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Rachael WrightRachael WrightMay 11, 20177min354

Twenty Years Ago This Week in the Colorado Statesman … A new welfare law was finally agreed upon and the Legislature narrowly averted a special session. “That’s the art of compromise,” Gov. Roy Romer said. He said he would sign the latest version of the state's welfare reform law that had successfully met the requirements of new federal laws while passing muster on both sides of the Legislature's aisle.


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Mike McKibbinMike McKibbinMarch 29, 20177min309

A five-party funding arrangement is to be considered by Denver City Council that would eventually allow some 2,800 new homes to be built on the former Stapleton International Airport property, which was decommissioned in the mid-1990s. The Stapleton “Five Parties” (City and County of Denver, Denver Urban Renewal Authority, Denver Public Schools, Forest City and Park Creek Metropolitan District) have agreed on an arrangement to fund and build an additional school, fire station and other infrastructure at Stapleton.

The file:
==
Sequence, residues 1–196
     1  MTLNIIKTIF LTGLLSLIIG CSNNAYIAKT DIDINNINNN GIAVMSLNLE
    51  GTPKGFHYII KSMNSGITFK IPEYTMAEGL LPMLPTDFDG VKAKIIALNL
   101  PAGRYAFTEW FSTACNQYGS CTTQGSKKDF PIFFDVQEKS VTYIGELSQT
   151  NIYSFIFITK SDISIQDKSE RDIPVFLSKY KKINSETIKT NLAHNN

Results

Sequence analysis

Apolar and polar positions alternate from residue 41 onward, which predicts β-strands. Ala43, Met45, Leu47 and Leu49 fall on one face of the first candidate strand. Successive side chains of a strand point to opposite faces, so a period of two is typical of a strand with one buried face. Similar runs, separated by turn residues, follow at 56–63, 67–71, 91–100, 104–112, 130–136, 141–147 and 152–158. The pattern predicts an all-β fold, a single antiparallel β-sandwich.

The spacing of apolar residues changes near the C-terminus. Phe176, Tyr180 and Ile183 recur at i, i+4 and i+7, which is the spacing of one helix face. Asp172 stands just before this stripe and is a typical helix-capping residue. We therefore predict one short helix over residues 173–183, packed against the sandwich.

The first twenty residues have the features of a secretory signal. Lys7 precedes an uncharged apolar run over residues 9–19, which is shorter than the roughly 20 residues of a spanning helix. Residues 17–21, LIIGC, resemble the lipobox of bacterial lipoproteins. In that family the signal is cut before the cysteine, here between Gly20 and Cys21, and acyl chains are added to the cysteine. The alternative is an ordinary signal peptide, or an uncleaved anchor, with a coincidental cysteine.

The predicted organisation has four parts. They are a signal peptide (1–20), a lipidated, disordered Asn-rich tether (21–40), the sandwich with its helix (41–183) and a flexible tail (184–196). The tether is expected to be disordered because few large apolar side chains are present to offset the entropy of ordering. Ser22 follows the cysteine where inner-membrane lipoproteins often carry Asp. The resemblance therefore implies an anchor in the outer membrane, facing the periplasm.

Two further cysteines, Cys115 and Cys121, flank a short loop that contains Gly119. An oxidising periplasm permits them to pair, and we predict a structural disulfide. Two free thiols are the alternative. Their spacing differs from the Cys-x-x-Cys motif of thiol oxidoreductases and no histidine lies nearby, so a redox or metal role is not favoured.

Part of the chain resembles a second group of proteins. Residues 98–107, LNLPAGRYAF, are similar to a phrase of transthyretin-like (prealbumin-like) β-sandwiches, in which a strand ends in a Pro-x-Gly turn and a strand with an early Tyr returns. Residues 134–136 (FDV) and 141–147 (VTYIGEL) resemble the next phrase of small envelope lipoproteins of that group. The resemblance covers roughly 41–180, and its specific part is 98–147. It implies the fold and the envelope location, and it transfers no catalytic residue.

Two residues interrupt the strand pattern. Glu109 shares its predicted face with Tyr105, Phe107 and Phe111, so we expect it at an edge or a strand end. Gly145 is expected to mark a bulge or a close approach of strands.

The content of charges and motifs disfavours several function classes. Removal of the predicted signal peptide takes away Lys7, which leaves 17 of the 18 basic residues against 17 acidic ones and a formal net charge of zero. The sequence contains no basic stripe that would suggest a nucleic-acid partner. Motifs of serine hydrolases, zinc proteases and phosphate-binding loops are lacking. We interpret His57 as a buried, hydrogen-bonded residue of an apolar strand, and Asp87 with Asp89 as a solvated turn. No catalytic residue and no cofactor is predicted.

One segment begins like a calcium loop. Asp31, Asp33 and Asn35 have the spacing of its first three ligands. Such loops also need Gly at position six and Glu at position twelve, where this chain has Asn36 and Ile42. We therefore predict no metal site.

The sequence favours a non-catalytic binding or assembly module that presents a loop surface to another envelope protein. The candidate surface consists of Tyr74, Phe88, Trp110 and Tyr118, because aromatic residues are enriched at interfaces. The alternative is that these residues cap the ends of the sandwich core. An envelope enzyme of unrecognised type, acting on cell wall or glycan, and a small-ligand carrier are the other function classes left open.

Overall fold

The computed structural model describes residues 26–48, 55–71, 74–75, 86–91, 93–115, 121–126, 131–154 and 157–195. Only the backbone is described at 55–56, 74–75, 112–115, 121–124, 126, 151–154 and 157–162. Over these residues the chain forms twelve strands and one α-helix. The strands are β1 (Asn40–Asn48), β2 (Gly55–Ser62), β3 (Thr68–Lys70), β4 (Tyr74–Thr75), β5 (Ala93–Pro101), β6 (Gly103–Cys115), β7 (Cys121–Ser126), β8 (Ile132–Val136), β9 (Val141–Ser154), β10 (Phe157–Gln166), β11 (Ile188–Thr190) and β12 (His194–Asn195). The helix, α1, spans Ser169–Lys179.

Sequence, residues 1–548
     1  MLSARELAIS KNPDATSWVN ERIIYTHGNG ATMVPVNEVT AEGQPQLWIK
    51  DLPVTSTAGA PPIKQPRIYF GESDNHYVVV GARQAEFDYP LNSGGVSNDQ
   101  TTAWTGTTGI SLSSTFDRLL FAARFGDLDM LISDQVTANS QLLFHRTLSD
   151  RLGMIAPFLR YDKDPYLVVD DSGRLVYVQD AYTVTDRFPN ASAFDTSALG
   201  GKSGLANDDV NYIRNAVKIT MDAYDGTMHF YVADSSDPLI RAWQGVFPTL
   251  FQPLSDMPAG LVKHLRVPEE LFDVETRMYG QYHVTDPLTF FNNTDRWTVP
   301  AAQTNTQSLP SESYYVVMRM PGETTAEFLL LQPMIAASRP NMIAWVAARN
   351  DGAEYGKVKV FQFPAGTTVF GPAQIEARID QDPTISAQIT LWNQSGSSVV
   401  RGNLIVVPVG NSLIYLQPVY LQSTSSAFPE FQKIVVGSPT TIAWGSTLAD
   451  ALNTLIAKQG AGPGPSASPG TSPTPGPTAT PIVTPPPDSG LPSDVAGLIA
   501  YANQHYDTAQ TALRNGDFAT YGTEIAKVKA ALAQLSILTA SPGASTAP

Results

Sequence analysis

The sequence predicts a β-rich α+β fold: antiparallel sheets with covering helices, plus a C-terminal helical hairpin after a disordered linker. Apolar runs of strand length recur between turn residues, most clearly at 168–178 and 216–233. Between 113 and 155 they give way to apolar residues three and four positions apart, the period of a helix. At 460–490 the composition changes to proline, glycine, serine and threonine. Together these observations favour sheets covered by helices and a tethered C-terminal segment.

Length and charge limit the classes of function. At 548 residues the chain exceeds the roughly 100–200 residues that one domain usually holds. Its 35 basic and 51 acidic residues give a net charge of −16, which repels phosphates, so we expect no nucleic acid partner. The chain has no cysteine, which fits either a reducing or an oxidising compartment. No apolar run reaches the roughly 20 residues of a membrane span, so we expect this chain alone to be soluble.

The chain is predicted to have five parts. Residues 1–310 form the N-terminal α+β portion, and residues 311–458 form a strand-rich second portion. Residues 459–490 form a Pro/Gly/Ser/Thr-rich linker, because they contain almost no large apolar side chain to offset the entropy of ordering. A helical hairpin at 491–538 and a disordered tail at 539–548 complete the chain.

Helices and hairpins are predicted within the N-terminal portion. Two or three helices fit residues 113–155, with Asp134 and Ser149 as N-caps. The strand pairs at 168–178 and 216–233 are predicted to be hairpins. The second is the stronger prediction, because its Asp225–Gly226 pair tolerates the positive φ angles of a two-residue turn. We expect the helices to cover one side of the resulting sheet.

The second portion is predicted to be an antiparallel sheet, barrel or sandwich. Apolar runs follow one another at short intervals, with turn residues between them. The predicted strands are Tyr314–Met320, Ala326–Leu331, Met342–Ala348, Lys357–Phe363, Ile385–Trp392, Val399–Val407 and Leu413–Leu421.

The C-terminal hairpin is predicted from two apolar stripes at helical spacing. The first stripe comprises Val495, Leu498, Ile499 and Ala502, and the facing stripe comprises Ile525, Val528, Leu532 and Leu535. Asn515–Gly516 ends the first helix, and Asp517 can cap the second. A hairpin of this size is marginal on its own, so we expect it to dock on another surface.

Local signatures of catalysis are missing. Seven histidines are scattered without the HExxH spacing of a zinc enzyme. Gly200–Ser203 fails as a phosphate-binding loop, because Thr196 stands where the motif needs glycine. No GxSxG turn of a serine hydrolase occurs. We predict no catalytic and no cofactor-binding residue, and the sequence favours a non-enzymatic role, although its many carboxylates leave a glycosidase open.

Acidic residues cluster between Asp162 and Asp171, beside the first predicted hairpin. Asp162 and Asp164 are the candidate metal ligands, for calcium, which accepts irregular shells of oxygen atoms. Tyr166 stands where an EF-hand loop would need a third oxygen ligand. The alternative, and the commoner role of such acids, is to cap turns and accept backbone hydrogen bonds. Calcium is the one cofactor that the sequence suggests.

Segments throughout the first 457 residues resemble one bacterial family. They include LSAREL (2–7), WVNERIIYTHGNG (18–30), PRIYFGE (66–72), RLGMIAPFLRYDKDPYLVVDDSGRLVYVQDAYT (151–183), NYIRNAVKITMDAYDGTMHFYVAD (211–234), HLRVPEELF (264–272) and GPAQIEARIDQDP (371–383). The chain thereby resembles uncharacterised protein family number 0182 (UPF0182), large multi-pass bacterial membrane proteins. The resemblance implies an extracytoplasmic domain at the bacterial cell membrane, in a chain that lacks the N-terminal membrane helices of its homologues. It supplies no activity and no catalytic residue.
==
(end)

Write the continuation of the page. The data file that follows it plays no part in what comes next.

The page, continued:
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Mike McKibbinMike McKibbinJanuary 25, 201711min357

Voters in rural areas of Colorado would continue to be able to approve a property tax of up to five mills to fund mass transit systems in their local communities through 2029, under a bill approved by the House Transportation and Energy Committee Wednesday, Jan.25. House Bill 17-1018 extends the statutory authority of regional transportation authorities (RTAs) to ask local voters to approve such a tax within a specified area to be served by mass transit. Under current law, RTAs can seek voter approval to levy a property tax until Jan. 1, 2019.